On the one side, the zero-COVID policy currently imposes some level of restriction on 25-35% of the economy. Even beyond Shanghai. And it is unclear how long this will last.
On the other side, credit and public debt growth are gaining ground. And further policy support in terms of infrastructure spending is the data point many strategists are watching closely.
The Great Debate About The FED Being Behind The Curve
With the FED's official objectives of both price stability and maximum employment, the latest round of macro data has economists questioning FED rhetoric.
On the one side, US March 2022 headline inflation came in at 8.5%, whilst unemployment is projected to reach 3% by year end, a level not seen since the 1950's.
So should the FED be raising rates faster? And if so, why aren't they?
Will The Year Of The Tiger Roar Back?
At the start of this lunar year, investors were expecting the new term of President Xi Jinping to boost the economy's momentum following the COVID induced challenges.
However, with the overhang of the Real Estate sector troubles still causing headaches, and now the delicate political situation given China's relationship with Russia, investors are losing patience. How will the PBOC and the Chinese Government react?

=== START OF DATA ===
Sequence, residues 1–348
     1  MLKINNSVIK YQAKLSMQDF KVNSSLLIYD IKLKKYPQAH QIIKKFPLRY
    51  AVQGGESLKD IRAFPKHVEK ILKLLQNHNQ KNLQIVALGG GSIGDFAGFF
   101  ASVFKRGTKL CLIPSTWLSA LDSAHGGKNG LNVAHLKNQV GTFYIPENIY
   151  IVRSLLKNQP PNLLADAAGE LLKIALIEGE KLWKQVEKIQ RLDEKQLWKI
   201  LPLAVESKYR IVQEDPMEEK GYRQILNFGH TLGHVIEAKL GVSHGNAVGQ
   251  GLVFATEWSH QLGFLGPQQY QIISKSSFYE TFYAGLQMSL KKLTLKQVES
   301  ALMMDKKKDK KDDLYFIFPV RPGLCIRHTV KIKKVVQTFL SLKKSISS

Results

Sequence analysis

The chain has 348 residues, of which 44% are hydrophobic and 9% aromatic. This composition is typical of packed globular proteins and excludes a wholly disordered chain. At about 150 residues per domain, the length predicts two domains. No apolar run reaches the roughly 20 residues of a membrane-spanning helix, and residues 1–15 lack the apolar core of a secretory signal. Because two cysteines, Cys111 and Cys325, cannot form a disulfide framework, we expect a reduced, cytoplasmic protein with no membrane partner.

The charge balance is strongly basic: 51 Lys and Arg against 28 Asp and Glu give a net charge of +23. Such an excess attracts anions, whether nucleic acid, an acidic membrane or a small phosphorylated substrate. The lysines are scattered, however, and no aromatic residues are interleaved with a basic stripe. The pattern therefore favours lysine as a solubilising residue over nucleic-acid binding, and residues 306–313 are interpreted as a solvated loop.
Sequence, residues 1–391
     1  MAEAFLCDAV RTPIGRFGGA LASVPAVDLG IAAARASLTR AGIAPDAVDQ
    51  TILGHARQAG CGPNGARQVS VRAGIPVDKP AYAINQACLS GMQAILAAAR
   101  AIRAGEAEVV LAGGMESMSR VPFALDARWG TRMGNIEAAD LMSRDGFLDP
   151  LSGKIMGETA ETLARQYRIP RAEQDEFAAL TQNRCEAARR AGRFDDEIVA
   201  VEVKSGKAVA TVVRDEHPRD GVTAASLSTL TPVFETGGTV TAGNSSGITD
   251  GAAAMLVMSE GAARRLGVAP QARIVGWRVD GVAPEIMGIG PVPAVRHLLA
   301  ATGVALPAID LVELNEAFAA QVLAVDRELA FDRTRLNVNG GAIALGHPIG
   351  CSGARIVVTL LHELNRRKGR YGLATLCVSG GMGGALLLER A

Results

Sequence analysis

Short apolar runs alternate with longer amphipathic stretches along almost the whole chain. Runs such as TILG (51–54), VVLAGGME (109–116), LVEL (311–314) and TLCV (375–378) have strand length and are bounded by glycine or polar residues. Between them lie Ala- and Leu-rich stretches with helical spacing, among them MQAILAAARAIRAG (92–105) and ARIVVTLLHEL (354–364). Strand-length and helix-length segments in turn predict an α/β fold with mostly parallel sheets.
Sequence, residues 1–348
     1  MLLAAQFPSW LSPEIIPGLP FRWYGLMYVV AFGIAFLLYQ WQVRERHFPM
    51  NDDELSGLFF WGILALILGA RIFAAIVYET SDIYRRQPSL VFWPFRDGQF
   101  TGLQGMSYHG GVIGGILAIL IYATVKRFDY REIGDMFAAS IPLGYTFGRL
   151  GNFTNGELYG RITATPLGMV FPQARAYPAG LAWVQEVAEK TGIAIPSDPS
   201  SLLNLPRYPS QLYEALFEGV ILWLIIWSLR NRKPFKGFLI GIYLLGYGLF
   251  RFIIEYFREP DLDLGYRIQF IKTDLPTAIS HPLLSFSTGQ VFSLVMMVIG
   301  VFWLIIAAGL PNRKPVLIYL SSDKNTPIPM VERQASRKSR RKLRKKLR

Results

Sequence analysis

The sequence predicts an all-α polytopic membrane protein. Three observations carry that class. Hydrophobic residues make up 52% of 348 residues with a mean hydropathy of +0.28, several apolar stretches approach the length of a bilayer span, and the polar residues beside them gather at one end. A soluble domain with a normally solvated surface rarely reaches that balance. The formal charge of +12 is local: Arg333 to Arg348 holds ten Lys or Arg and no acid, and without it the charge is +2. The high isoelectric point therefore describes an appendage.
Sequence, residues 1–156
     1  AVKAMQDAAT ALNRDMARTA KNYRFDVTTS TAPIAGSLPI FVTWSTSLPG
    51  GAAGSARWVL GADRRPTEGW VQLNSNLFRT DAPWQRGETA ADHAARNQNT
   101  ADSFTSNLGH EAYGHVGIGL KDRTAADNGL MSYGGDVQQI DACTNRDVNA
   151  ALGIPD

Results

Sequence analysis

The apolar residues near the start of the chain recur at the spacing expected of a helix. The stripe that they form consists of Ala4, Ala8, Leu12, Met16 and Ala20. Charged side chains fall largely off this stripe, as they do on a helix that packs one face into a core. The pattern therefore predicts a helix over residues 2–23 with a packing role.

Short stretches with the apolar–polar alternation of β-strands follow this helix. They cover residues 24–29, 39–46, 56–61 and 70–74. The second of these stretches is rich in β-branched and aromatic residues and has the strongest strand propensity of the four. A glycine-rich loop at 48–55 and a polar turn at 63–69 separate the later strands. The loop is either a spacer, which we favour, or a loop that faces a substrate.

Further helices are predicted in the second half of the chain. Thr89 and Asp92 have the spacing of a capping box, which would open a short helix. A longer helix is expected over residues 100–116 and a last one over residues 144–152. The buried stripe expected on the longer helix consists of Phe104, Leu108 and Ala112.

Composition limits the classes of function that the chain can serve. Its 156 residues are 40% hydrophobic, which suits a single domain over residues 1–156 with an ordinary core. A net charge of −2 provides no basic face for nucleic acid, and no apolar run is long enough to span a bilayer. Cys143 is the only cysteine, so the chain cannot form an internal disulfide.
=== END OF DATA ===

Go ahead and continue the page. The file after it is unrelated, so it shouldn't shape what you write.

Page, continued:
Interest Rates & Quantitative Tightening
As the realisation sinks in that inflation won't be transitory after all, investors have been struck by quantitative tightening, multiple expected consecutive rate rises in 2022, and now an inverted yield curve.
What does this all mean for asset allocation, and how should investors adapt their portfolios?
Are China's Growth Targets Achievable?
With China still targeting 5 to 5.5% year-on-year growth, investors are now questioning whether this is feasible.
The fact remains that the real estate sector continues to struggle, with loans to developers at falling at a faster rate than has been seen in a decade. A drag on economic growth which is compounded by China's zero COVID case lockdown policy.
As things stand today, Asian equites & credit seem to be very challenging headwinds.